VFD matrix design and operation

A relatively new VFD design, on the other hand, obviates the dc bus by using nine bi-directional IGBTs in a matrix arrangement to generate the variable frequency ac output directly from the ac input. With no dc bus to charge, the associated non-linear input current draw can be eliminated. Figure 5 shows the matrix topology.

For drives that use a matrix design, any input phase can be connected directly to any output phase at any time. The key to a drive’s matrix operation is its ability to turn the bi-directional switches on and off at the correct times to generate the proper output voltage and frequency required to operate the motor.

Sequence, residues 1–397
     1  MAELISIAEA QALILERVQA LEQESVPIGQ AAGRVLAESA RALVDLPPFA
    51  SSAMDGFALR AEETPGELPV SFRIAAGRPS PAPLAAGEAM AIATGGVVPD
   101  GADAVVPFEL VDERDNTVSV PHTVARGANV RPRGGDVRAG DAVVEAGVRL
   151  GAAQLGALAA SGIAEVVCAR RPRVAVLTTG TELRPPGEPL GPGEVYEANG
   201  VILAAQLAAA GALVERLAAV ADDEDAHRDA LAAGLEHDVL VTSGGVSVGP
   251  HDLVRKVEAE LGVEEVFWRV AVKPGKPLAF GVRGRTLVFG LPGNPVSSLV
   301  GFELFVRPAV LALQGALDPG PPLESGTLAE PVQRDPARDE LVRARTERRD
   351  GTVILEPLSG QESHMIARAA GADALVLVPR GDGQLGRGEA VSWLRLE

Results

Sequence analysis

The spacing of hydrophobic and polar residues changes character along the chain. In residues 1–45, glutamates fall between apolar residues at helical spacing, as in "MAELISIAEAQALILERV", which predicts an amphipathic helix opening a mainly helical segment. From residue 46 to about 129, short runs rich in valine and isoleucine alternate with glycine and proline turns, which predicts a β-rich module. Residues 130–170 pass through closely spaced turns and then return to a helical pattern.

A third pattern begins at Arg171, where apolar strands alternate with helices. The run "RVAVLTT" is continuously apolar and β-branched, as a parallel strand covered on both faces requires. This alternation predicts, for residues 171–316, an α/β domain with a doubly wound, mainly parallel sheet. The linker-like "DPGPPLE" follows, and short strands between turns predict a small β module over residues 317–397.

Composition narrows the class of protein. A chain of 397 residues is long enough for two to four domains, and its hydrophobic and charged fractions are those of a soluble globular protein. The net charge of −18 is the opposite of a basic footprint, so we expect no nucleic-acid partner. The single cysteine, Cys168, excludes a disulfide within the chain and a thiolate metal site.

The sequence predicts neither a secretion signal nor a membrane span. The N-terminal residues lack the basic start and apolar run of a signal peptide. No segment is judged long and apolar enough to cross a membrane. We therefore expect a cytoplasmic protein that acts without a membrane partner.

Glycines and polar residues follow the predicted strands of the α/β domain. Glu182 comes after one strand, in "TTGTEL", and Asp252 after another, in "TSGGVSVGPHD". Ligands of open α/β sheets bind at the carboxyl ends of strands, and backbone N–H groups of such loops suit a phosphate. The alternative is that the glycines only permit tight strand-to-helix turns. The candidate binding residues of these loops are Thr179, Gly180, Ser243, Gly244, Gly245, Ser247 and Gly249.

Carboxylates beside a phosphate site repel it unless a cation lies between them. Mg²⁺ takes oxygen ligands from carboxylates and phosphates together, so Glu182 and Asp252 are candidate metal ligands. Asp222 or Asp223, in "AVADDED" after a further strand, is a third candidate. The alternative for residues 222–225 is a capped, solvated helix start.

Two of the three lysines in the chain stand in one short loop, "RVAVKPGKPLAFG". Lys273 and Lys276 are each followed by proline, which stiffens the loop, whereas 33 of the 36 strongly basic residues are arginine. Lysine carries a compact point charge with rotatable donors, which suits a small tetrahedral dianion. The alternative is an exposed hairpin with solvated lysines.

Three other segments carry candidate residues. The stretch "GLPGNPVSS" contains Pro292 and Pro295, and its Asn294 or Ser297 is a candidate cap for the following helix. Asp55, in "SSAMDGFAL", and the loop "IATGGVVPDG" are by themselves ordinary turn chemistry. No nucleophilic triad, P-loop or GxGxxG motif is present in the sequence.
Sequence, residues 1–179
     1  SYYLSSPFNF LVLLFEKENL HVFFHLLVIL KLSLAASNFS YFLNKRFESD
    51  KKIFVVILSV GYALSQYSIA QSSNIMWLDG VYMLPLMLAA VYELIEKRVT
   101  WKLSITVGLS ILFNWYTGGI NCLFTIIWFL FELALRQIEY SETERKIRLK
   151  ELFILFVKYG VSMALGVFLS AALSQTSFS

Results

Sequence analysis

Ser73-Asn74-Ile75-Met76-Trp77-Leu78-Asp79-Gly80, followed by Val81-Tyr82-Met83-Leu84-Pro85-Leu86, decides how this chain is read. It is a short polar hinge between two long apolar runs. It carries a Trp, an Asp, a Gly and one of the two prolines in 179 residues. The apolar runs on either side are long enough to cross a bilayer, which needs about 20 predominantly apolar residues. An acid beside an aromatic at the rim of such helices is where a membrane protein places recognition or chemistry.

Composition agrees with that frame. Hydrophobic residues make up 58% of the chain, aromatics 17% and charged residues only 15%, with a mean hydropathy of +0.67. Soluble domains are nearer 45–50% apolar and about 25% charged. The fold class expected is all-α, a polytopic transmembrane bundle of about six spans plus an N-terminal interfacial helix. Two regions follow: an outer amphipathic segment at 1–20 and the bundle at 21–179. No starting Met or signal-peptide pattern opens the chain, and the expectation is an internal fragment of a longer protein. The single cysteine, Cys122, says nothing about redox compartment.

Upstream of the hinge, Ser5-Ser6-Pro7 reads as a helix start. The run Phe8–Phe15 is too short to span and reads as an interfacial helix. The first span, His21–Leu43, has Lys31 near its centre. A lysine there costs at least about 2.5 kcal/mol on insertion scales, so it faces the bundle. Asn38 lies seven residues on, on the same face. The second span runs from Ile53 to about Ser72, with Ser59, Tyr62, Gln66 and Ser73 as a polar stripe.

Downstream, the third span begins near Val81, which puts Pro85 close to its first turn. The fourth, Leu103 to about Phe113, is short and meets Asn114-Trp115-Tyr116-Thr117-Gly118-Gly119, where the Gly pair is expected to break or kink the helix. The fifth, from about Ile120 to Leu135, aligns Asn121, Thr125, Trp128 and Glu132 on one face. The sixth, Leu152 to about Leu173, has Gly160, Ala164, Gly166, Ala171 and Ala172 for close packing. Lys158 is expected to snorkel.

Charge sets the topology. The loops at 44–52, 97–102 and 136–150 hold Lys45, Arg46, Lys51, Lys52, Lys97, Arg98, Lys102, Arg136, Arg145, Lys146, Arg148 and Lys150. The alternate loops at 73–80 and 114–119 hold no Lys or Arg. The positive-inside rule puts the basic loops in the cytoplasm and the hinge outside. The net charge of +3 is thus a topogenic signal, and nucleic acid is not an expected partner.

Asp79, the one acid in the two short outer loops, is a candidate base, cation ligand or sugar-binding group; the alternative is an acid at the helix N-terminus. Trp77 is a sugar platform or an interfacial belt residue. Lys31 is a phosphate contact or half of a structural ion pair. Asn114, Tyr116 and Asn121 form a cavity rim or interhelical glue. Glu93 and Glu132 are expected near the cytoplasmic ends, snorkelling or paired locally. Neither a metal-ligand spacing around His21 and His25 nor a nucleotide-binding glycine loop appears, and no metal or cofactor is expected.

To better understand, look at the three input phase voltages shown in Figure 6. Now, in operation, the control built into the VFD’s matrix design continually monitors the voltage difference between each of the phases as shown in Figure 7.

These phase voltage differences provide the VFD’s matrix design with a continuous range of voltages that are available to send to the motor, along with the ability to use the nine IGBTs to switch any input phase to any output phase at any time. Also using PWM, they generate the proper voltage at the proper frequency to drive the motor as needed for the load.


In addition, the range of voltages available enables the VFD’s matrix design to build its pulses in steps to reduce the effects from steep voltage rises on motor-bearing currents and reflected waves in long motor leads. (See Figure 8).